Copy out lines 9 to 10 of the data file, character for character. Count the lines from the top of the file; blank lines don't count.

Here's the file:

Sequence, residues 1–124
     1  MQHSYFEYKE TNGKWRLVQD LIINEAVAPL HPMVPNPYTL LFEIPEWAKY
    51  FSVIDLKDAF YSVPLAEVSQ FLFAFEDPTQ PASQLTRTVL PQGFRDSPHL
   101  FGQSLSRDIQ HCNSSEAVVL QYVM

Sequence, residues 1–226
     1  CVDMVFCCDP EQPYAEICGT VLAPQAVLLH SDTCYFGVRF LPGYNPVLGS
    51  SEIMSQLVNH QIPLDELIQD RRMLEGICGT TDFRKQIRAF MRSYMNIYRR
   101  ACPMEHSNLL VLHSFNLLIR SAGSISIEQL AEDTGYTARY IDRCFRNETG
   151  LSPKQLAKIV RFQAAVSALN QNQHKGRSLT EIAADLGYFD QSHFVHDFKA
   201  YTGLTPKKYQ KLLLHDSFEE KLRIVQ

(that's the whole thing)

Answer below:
   151  LSPKQLAKIV RFQAAVSALN QNQHKGRSLT EIAADLGYFD QSHFVHDFKA
   201  YTGLTPKKYQ KLLLHDSFEE KLRIVQ